For some it’s dark and dirty, for others it’s lively and exciting, for some it is poor, for others it is the coffer of our cultural heritage, for some it is stingy and shabby but for others it is a mini India. Rich in food, art and handlooms, Chandni Chowk in Old Delhi is a home to some of oldest jewels of our history like the magnificent Red Fort and the Jama Masjid. But a little away from the grandeur and the limelight is a small restaurant, Shri Kanniyalal Durga Prashad Dixit Paranthe Waale, which has been there for around 140 years and is an important ingredient of the famous Paranthe waali Gali.
The fragrance of freshly fried paranthas adore the whole place and it is so irresistible that you can’t escape it however you try. Founded in 1875 by Late Kanniyalal Durga Prasad Dixit, the small restaurant serves around 30 varieties of vegetarian parathas including the parathas with exotic fillings like kaju, badam, rabri, khoya etc.
“We have been serving people the real Indian Paranthas for more than a century now. We are the fifth generation in the same business,” says the proud owner while he fries a mouth watering Nimbu parantha. “There are more than 1500 to 2000 visitors in a day in the Gali. Business is great but more than that we love the fact that we have been able to keep the dream of our forefathers alive and it is flourishing with each passing day,” he added.
From the famous personalities like Pt. Jawahar Lal Nehru and Akshay Kumar to a common man, the restaurant has seen them all and inherits the real taste of the rich Indian cuisine. The parantha is usually served without onions and garlic with sweet tamarind chutney, mint chutney, mixed vegetable pickle, paneer and potato curry, potato and fenugreek curry, and a mash of sweet pumpkin. A chilled sweet lassi adds to the taste.
“I come here very often with my friends and we enjoy the real taste of Indian cuisine,” said Deepankar Pathak, a software engineer and regular customer of the shop. “While I love gobhi parantha, my girl friend is a fan of nimbu paranthas. It is a good change from the mainstream junk food,” he added.
The culinary journey of the Parantha waali Gali has traversed a long journey. It has moved beyond the small lanes and elegant Havelis of Chandni Chowk to some of the biggest malls. Not only this, the gali is internationally acclaimed. The well known Mela restaurant in UK is imitates the ambience of the Paranthe waali Gali.
It might look old fashioned for a large chunk of the Pizza generation but for a larger chunk this is the real taste of India. What is more surprising is that in a small lane lies the flavours of a culture which is more than a century old.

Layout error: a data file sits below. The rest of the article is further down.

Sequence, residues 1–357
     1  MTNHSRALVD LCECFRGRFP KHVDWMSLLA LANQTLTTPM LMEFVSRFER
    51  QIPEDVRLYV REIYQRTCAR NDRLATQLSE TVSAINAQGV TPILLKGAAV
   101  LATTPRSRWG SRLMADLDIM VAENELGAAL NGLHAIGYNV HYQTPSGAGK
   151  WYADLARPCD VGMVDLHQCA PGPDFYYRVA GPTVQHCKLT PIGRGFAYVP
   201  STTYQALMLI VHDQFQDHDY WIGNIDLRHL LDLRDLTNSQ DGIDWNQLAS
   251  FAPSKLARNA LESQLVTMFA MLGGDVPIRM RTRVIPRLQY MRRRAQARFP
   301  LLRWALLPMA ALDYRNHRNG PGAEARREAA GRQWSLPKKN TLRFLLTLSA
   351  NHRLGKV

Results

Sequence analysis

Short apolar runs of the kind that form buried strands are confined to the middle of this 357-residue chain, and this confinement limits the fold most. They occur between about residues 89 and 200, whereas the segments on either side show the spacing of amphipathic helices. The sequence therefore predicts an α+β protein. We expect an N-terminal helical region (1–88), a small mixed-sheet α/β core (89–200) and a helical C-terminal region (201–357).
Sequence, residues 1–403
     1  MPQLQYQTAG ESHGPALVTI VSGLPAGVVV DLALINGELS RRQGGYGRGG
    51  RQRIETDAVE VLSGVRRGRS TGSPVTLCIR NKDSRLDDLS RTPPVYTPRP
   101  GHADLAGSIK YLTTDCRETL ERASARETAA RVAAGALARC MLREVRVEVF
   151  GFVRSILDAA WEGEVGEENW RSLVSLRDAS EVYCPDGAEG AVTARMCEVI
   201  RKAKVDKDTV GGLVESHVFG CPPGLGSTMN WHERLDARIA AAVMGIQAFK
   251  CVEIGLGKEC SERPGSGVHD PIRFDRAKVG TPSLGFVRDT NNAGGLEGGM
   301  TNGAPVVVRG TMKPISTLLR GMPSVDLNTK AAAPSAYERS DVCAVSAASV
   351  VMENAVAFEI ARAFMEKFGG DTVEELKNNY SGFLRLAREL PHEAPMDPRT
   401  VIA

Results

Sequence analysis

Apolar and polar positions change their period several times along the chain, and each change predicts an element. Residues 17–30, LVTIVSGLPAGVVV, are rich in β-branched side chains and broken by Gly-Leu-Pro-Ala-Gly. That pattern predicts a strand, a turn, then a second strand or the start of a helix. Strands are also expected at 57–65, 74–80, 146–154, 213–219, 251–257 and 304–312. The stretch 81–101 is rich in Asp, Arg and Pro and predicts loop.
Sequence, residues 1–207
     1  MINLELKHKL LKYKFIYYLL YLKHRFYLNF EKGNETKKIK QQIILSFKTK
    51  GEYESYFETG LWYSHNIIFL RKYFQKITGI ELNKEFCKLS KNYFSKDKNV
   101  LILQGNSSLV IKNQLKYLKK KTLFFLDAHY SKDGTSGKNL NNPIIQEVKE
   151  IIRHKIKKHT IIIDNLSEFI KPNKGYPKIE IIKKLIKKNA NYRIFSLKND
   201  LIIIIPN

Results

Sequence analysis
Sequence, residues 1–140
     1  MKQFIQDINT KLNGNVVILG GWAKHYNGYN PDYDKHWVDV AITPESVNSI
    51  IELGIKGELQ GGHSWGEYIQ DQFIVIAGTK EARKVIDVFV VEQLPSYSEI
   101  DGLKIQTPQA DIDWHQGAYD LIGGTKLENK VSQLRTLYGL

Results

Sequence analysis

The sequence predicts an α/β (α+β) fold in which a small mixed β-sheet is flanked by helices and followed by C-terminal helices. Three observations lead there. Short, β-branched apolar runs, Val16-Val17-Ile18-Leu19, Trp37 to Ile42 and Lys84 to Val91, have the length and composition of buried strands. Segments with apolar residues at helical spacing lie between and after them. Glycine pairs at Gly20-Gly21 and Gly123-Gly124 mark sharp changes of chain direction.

Written 10:58 PM by Ritika Pradhan
Few things are too perfect to be called reality and one can experience this at Konark festival. The lights were as bright as they could be, the decorations were perfect and the feeling was as welcoming as ever. Just follow the rhythm along the scintillating Chandrabhaga beach and you will feel the grandeur of the Sun Temple and it is there that the miraculous parade of the Indian classical dances begins at the Annual Konark Festival.
The Konark festival is held every year from December 1 to December 5. This festival marks the onset of the various dance and music festivals being held in Odisha from December to March.
This year the five day festival seemed, to many, as lesser scintillating than the previous years’. As reported by Odisha Tourism, an expenditure of around Rs 80 lakh has been done on the decoration.
The perfect blend of art and beauty, Konark festival, began with the Odissi dance performance by Purnashree Raut and Group from Raipur, Chattisgarh which was followed by Bharatnatyam by Anitha Guha and Group of Bharathanjali Trust, Chennai. On the second day, Lasya Akademi’s Sadanam Balakrishnan and Group from Kerala performed Kathakali and Mohiniyattam which was followed by Rudrakshya Foundation’s Odissi dance performance by Guru Bichitrananda Swain and Group from Bhubaneswar. The following days were marked by other famous dance forms like Manipuri by Singhjit Singh and Group and Odissi by Aloka Kanungo and Group on the third day, Kuchipudi by Aekhya Punjala and Group and Odissi by Padmashree Ileana Citaristi and Group on the fourth day and Kathak by Rani Karnaa and Group and Odissi by GKCM Odissi Research Centre on the final day.
The dances ranging from themes like depiction of Ramayana to Krishna’s Raasleela, from Shiva’s anger to Parvati’s calmness, from lyrical prayers to imbibing the male stylization into various dance form.
The international sand art festival has also witnessed entries from across the world.
This festival is one of the greatest dance festivals held in the State. It attracts large number of tourists from across the world.
The festival truly binds India together in rhythmic ties. The winter breeze from the sea, the famous Sun temple in the backdrop and the magic of various dance forms create an atmosphere filled with rhythmic beats which not only provides food for eyes and ears but also nurtures the soul.
Written 10:37 PM by Ritika Pradhan